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with b ^ 0; in this case u = a is a pole of f(u), of order n; the terms n r r 7 b (u  a) are called the infinite part of the function f(u), b its n r=l r leading coefficient, and b its residue, at u = a. (This well established use of the word residue has of course nothing to do with residue classes, to which unfortunately we occasionally have to refer in the same contexts.) Similarly u = a is a zero of order n of f(u) if f(u) is analytic at u=a, f(a) = 0, and n is the greatest integer such that (u  a)"nf(u) is analytic at u = a, i. e. c is the first nonzero coefficient in the expansion of oo
f(u) at u = a, which is accordingly of the form f(u) = 2 c r (u  a) r . r=n A function is said to be analytic or meromorphic in a given region, or in the whole plane, if it is so at every point of the region or of the plane. If f(u) is analytic and nonzero at any point, in any region, or in the whole plane, so is JT—r ; if f (u) is meromorphic, so is JTX , the poles of each being the zeros of the other, and of the same order. The poles of a function meromorphic in any region are a discrete set, i. e. for each pole, the distances of other poles from it are bounded below; and if f(u) is meromorphic in any finite region, including its boundary, f(u) can only have a finite number of poles in the region. As jjyr is also meromorphic, f(u) can only have a finite number of zeros in the region; and as f(u)  c is meromorphic (for any constant c) f(u) can only assume a given value c in a finite set of points in the region. A period w of a function f(u) is a constant such that f(u + w) = f(u) for all u. The sum of two periods is also trivially a period, and if o> is a period, so is co. Thus the periods of any function form a group with respect to addition. On the other hand, unless the absolute magnitude of nonzero periods is bounded below, the function must be constant in any region in which it is differentiate, since ——r^—— = 0 for some arbitrarily small but nonzero values of h. Thus the periods of a nonconstant meromorphic function must be a lattice. Zero is of course a period of every function; if it is the only one, the lattice of periods is the trivial lattice, and the function is called nonperiodic. If a function has a simple or double lattice of periods, it is called simply or doubly periodic. Familiar examples of simply periodic functions are sin u, tan u, e11, with simple lattices of periods generated
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by 277, 77, 2i77 respectively. 6.
Definition
An elliptic function is a function of a complex variable, which is meromorphic in the whole plane, and doubly periodic. Since it has the same value in all points of any residue class (mod Q), where £1 is its lattice of periods, it can be thought of as a function of the residue class, rather than of the individual value of u, i. e. a function of position on the torus model of the residue class group rather than of position in the plane. Before proving (by construction) the existence of some functions with these properties, it is convenient to prove some elementary consequences of the definition, assuming that such functions exist. 7.
Liouville's theorem
This states that any function which is analytic and bounded in the whole plane is a constant. Also, a function which is analytic in any finite region (including its boundary) is bounded in that region. Hence, an elliptic function which has no residue classes of poles is bounded in the fundamental region, and so in the whole plane, and is accordingly a constant. This principle is applied in two main ways to elliptic functions: Theorem 1. 3. If two elliptic functions have the same lattice of periods, the same residue classes of poles, and the same residue classes of zeros, of the same order in each case, the ratio of the two functions is a nonzero constant. Proof. If f(u), g(u) have either zeros or poles of the same order at u = a, v^ is analytic and nonzero at u = a. // Theorem 1. 4. If two elliptic functions have the same lattice of periods, and the same residue classes of poles, with the same infinite part in each pole, the functions differ by a constant.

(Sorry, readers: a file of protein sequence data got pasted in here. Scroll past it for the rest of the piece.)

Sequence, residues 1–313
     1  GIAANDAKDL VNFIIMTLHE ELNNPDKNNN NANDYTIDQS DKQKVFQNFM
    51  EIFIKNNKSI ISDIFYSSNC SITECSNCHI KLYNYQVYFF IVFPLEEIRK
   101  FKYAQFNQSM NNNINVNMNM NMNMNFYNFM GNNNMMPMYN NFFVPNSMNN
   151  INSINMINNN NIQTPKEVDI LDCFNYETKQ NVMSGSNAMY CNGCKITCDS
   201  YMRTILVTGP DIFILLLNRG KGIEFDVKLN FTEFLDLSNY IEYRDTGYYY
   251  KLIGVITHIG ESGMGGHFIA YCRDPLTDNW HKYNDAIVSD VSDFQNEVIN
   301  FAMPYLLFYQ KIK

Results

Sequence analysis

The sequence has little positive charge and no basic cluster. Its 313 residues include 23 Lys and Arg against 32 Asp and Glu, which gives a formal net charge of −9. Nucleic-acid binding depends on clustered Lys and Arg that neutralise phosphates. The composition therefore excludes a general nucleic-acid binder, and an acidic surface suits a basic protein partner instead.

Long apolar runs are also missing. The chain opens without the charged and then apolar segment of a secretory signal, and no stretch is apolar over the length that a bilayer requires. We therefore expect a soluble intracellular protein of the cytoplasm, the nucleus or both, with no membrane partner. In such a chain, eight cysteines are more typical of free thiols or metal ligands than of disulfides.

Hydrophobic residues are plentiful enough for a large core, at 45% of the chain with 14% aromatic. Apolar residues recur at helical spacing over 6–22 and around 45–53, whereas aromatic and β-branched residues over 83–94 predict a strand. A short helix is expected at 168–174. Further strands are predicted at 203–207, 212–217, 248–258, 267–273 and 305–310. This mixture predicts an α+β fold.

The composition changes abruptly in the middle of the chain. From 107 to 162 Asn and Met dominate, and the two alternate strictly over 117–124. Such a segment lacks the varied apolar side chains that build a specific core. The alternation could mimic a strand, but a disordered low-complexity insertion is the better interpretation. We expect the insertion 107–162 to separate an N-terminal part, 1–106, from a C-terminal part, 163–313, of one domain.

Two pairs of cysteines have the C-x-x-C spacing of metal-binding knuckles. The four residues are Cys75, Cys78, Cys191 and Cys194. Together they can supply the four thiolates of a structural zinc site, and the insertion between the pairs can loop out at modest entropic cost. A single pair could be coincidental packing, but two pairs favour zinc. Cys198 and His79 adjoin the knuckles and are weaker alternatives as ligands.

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Proof.
If f(u), g(u) have the same infinite part at u = a,
f(u)  g(u) is analytic there, i. e. has no pole. / / 8.
Contour integration theorems For any function meromorphic in a simply connected region R
bounded by a closed contour C, we recall the three classical theorems on integration round the contour C: Let f(u) be meromorphic in R, with zeros of orders m , . . , , m, at u = a , . . . , a, and poles of order n , .. . , n 1
at u = b , . .. , b, , with residues r , . . ., r, K —
1
K
1
res
K
pectively, all these zeros and poles being in R but none on C. Then
From this we deduce Theorem 1. 5.
Let f(u) be an elliptic function with the lattice 12
of periods, zeros of order m , . . . , i r u i n the residue classes a +12, . .. , a,+12, and poles of order n , . . . , n, in the residue classes l
n
l
b +12, . . . , b,+12, with residues r , . . . , r, k I. I r = 0; j=l 3 h k II. J m = 2 n ; j=l 3 1=1 3 h k III. 2 m.a. = 2 n.b. (mod 12) . ]=1 J J ]=1 J 3 Proof.
K
respectively.
Then
Take the contour C to be the boundary of a unit cell,
starting from a chosen point u = c, and travelling along straight lines to u = c + ct>,c + a> + a ) , c + a ; , and back to u = c in turn,
c being
chosen so that the path does not pass through any zero or pole. If 0(u) is any function of u 10 Downloaded from https:/www.cambridge.org/core. Cornell University Library, on 15 May 2017 at 17:55:26, subject to the Cambridge Core terms of use, available at https:/www.cambridge.org/core/terms. https://doi.org/10.1017/CBO9781107359901.002